Loyola Holds Day With the DOL Program

Loyola Law School, in cooperation with the United States Department of Labor, will hold its Day With the DOL program on Friday, October 14, 2016 at the Pan-American Life Center, 601 Poydras Street, New Orleans.

Topics include:

Handling Claims Before OWCP
• Administration of Claims and How to Navigate Your Way
• Medical Oversight Within OWCP’s Authority
• Resolution of Disputes

Pain Management and the Opioid Crisis
• What is Medically Necessary and Reasonable
• Guidelines for Pain Management
• Impact on Maximum Medical Improvement and Return to Work

Question and Answer Session with OWCP and OALJ

Speakers include Administrative Law Judge Larry W. Price, District Director David A. Duhon, Dr. Patrick H. Waring, Arthur J. Brewster and Alan G. Brackett. For information and registration, go to:


OWCP Gives Notice of Increased Penalties

Implementing the Federal Civil Penalties Inflation Adjustment Act Improvements Act, signed into law by President Obama on November 2, 2015, OWCP has announced adjustments to certain penalties under the Longshore and Harbor Workers Compensation Act, 33 U.S.C. §901, et seq., that will become effective August 1, 2016. The notice from the Federal Reigster can be found at https://www.federalregister.gov/articles/2016/07/01/2016-15378/department-of-labor-federal-civil-penalties-inflation-adjustment-act-catch-up-adjustments.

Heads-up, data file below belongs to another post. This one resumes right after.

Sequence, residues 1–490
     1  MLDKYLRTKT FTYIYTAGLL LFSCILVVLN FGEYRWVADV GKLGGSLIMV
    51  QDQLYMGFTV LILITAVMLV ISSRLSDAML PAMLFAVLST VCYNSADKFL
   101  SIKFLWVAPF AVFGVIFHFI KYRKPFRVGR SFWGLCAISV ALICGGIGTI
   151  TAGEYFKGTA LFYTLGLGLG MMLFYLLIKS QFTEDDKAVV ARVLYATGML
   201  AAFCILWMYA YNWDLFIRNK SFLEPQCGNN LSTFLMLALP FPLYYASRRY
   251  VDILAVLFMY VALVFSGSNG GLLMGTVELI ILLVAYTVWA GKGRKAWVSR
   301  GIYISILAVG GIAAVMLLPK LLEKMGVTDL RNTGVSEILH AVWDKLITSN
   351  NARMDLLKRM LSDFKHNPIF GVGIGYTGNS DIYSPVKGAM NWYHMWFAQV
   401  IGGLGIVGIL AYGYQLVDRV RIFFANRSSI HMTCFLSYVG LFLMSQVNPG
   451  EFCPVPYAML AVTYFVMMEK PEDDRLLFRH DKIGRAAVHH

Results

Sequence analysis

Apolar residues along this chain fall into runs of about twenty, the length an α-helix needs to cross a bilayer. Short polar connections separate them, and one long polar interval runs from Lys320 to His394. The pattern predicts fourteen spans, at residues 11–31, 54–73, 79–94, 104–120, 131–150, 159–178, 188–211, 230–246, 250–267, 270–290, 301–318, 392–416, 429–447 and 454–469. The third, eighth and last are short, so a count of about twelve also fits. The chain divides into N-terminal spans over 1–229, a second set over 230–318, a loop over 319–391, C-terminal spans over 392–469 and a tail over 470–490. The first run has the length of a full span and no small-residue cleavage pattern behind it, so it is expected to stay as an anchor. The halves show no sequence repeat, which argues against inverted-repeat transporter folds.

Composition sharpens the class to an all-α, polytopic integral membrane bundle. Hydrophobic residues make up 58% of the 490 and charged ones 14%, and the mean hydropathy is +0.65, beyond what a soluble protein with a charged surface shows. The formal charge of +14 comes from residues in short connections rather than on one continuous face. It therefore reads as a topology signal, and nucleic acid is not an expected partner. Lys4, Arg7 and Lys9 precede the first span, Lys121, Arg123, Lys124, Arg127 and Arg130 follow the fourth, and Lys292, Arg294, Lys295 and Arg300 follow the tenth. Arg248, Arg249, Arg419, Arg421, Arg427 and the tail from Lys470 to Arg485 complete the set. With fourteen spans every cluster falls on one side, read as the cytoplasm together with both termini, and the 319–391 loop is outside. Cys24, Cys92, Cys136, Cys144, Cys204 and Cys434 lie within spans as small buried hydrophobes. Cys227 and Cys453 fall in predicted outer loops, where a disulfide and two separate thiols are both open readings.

The penalties that will be increased are:

Failure to file first report of injury or filing a false statement or misrepresentation in first report:

Former maximum penalty: $11,000
New maximum penalty: $22,587

Failure to report termination of benefits:

Former maximum penalty: $110
New maximum penalty: $275

Discrimination against employees who claim compensation or testify in a longshore proceeding:

Former minimum/maximum penalty: $1,100/$5,500
New minimum/maximum penalty: $2,259/$11,293

Additional information can be found at:

Plaintiff’s Construction Defect Claims Against Offshore Spar Manufacturer Dismissed